In many countries there are a lot of simple recipes for leftover bread. One of the sweet variations is French toast (or in Germany “Arme Ritter”), which is bread soaked in milk an egg. In Hungary this dish is typically served as a savory meal under the name “bundás kenyér”, which translates to “a bread with coat”.
I’ve been following the blog of the ingenious Dave Arnold for several years now. Back in 2009 he posted a recipe of an egg yolk bread, which I was able to try only now, since I haven’t had a pressure cooker. The “bread” consists of egg yolk, salt and baking powder only – so no flour, no yeast, no nuts, no milk. It is great when freshly “baked”, but it really surprised me when toasted in butter. This egg yolk “bread” perfectly resembled both the texture and the flavour of the aforementioned Hungarian leftover meal – although in this case without the “coat”.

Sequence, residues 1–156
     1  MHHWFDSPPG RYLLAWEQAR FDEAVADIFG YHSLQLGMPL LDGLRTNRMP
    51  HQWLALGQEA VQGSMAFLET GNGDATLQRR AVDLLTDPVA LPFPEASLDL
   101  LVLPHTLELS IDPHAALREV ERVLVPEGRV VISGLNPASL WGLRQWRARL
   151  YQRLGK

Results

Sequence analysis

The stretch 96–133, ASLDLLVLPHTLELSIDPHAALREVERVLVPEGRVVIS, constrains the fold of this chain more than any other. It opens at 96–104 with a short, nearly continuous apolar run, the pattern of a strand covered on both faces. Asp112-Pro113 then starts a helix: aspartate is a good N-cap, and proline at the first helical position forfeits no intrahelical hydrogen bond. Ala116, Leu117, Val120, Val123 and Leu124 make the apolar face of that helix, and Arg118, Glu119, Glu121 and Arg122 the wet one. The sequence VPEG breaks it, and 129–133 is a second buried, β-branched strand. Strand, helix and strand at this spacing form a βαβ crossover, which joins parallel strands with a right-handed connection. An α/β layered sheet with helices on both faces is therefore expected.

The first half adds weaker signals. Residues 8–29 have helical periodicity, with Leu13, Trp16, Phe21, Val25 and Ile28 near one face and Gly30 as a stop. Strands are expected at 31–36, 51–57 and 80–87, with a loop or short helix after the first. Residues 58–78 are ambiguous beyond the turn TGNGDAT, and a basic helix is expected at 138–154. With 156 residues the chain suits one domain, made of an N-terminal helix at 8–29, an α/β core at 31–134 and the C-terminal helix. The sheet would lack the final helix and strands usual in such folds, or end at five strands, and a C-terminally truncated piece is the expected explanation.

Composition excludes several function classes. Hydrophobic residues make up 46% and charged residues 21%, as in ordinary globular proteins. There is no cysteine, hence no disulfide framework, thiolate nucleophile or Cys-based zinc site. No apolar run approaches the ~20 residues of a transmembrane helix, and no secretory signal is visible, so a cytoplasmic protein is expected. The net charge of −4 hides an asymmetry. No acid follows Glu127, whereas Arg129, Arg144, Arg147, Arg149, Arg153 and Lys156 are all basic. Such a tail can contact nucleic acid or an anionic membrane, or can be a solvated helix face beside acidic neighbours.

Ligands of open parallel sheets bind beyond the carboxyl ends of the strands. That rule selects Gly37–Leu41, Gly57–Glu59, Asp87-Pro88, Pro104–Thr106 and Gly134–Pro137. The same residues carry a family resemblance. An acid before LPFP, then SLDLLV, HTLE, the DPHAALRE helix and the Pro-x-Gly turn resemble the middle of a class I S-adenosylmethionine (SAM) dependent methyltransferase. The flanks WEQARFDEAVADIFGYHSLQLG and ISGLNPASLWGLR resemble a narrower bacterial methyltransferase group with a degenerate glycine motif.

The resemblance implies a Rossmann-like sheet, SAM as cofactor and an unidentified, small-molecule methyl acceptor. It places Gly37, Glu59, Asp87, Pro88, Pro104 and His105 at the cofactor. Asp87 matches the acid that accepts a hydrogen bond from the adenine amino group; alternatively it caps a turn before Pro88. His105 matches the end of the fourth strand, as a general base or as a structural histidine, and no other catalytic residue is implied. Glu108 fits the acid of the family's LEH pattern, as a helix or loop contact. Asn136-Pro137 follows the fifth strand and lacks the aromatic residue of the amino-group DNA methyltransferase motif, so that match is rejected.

I usually bake my breads in the oven and I’ve also experimented with microwave sponges, but I’ve never tried preparing a bread in a pressure cooker before. These egg yolk breads are steamed in a pressure cooker, where the egg yolk creates a spongy network trapping the small bubbles produced by the baking powder. The texture of the bread can be easily influenced by the amount of baking powder: adding more baking powder results in a less dense texture.
The toasted egg yolk “bread” slices can be served on their own rubbed with some garlic only – just like the Hungarian “bundás kenyér” is served traditionally. They can be used in almost any recipe containing bread, such as sandwiches or even as a hamburger bun. In this current dish I’ve topped the bread with some spring ingredients such as fresh goat cheese, ramson-marinated radish and hemp seeds.